Now deemed a classic, The Catcher in the Rye, was also highly regarded when it was first published in 1951. Ben Welter wrote one of the first reviews of the novel and claimed “Month in, month out, novels don’t come much better.” However J. D. Salinger never wrote to please the critics. He wrote “just for [himself] and [his] own pleasure,” (Fosburgh). That is why, even though Salinger became a recluse after the success of The Catcher in the Rye, he “had been apparently been writing about [the fictional family the Glasses] nonstop,” (McGrath). The characteristic that Salinger is self-motivated is a quality found in many counterculture artists today, including Iggy Pop. When Gzowski mentioned to Iggy in their interview, that Iggy had developed a large international following, Iggy responded: “Are you happy to be popular? Do you get a big kick out of that? I suppose you’re popular. Well, you know, I don’t get a big kick out of it, really. I would just, I would just, uh, I’ve worked very hard for a very long time, and to try to make something that is beautiful enough so that I can enjoy itâ€¦” (Gzowski).
Youth alienation is also a common motif in Salinger’s literature that influenced post-war society. In The Catcher in the Rye, Holden is frequently finding that he doesn’t fit in with society. In Chapter 2, Holden visits a teacher before he leaves his boarding school. The conversation between Holden and his teacher reflects not only his alienation, but also his incapability to relate to authorities:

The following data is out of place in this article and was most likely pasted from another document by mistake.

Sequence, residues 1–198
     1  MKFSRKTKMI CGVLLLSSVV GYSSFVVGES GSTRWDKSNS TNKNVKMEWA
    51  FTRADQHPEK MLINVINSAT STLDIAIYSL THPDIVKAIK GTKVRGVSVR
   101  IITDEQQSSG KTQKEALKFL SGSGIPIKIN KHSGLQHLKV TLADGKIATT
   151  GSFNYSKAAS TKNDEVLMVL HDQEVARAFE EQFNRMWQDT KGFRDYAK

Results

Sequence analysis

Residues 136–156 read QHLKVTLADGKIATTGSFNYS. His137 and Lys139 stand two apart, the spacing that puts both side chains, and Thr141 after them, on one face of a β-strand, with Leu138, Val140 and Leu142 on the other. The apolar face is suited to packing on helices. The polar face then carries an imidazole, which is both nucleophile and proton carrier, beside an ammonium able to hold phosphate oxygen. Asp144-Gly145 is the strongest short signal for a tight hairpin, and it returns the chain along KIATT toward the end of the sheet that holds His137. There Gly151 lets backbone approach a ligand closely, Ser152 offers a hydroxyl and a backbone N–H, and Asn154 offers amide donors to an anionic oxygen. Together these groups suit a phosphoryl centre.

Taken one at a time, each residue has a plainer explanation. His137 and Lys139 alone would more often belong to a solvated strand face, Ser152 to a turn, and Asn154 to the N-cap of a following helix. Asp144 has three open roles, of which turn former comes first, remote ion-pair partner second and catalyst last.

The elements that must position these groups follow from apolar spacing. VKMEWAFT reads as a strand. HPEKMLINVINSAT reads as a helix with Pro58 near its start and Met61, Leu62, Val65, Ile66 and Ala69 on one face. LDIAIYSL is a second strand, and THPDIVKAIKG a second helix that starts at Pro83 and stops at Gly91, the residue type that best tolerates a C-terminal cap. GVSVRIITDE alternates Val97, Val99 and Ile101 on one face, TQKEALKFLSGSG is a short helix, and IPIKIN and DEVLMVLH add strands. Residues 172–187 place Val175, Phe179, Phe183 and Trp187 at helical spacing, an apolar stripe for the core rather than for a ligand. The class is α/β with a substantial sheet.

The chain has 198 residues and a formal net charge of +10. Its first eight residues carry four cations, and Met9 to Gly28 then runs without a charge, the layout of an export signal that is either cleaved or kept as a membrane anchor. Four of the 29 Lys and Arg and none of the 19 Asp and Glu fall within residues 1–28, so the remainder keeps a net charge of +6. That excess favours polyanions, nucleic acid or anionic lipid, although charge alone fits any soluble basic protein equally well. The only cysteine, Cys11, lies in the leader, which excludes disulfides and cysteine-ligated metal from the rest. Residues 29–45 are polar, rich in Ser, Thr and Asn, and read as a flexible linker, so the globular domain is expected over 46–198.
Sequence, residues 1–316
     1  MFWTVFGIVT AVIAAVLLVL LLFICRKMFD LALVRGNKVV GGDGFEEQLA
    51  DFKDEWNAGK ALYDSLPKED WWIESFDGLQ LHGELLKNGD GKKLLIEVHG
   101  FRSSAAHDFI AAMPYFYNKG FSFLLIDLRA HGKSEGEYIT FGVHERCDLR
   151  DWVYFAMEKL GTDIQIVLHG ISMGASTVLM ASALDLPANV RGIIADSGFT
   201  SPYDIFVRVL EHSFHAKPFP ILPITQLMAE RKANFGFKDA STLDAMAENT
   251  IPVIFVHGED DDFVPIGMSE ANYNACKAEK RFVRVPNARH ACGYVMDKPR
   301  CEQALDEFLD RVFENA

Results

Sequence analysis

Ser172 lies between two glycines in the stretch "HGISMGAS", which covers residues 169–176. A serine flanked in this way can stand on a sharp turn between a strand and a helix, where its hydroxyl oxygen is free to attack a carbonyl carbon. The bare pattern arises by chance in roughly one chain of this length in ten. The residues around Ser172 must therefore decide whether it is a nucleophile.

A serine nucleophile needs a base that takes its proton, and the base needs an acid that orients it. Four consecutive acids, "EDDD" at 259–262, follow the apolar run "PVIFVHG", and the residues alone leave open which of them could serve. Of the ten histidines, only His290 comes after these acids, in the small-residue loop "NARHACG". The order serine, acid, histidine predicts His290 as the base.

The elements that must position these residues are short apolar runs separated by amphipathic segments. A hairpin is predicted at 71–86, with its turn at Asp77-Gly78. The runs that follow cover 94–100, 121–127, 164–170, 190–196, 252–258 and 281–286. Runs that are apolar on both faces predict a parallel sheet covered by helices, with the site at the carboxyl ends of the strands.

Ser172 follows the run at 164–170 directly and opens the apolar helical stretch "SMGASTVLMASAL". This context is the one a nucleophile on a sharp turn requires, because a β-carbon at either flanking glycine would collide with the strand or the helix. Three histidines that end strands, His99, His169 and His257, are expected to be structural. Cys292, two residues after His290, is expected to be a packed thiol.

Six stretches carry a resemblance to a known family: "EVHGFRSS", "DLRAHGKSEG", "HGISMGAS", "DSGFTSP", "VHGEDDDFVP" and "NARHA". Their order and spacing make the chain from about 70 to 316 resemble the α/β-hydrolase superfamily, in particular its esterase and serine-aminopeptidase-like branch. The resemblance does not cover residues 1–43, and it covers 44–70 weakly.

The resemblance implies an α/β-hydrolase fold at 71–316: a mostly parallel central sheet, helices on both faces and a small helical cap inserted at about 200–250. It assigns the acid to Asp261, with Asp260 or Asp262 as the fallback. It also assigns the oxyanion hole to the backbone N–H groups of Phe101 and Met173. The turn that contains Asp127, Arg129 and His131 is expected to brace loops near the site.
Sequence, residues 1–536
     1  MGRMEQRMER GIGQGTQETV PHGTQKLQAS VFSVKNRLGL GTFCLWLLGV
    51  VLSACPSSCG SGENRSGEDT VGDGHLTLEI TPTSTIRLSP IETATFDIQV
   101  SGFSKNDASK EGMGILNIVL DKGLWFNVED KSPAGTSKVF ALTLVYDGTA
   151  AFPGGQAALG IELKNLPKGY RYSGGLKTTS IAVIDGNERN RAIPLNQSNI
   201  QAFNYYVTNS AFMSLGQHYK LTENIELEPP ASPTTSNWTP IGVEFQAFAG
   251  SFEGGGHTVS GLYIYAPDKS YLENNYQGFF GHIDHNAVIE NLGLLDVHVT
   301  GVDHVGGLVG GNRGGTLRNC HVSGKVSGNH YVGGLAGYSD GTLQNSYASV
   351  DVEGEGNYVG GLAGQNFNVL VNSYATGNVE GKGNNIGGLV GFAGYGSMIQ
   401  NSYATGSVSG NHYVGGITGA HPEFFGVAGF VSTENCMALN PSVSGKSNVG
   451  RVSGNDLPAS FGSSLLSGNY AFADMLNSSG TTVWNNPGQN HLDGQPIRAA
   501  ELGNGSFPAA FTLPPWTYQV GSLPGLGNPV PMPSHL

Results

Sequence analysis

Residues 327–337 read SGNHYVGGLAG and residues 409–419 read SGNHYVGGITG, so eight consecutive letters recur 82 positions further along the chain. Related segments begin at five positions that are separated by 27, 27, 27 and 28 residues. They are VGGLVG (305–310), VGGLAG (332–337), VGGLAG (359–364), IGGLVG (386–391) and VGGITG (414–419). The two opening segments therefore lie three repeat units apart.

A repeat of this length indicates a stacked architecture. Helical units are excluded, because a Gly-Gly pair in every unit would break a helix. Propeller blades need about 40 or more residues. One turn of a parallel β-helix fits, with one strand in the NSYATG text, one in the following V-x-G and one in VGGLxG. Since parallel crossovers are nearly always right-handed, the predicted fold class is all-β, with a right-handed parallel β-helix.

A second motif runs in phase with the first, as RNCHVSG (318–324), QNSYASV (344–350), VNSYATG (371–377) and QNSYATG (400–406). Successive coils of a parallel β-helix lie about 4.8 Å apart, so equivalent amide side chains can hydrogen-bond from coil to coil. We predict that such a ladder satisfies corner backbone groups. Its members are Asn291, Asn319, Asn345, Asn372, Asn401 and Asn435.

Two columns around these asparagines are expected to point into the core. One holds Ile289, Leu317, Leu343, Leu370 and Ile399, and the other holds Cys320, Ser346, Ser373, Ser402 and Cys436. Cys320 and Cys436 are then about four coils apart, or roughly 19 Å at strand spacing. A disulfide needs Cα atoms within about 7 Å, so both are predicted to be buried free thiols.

“Life is a game, boy. Life is a game that one plays according to the rules.”
“Yes, sir. I know it is. I know it.”
Game, my ass. Some game. If you get on the side where all the hot-shots are, then it’s a game, all right-I’ll admit that. But if you get on the other side, where there aren’t any hot-shots, then what’s a game about it? Nothing. No game (Page 8).
The fact that Holden does not respond to his teacher with his actual thoughts, but instead decides to just humor him, shows Holden’s insecurity, adding to his alienation. Holden is also unable to relate to his parents. Holden, a sensitive boy, who obviously needs somebody to speak and relate to, spoke about his closed relationship with his parents within one of the first lines of the book: “[My parents are] quite touchy about anything like that, especially my father. They’re nice and all–I’m not saying that–but they’re also touchy as hell.” (Page 1). Franny, from Franny and Zooey, also feels alienated, however she is portrayed as being alienated from her peers. Franny is out to lunch with her boyfriend, Lane, however the discussion is really just a series of arguments. When Lane mentions how talented Franny’s English professor is, Franny responds, “I do like him. I’m sick of just liking people. I wish to God I could meet somebody I could respect. . . . Would you excuse me for just a minute?” (Page 11).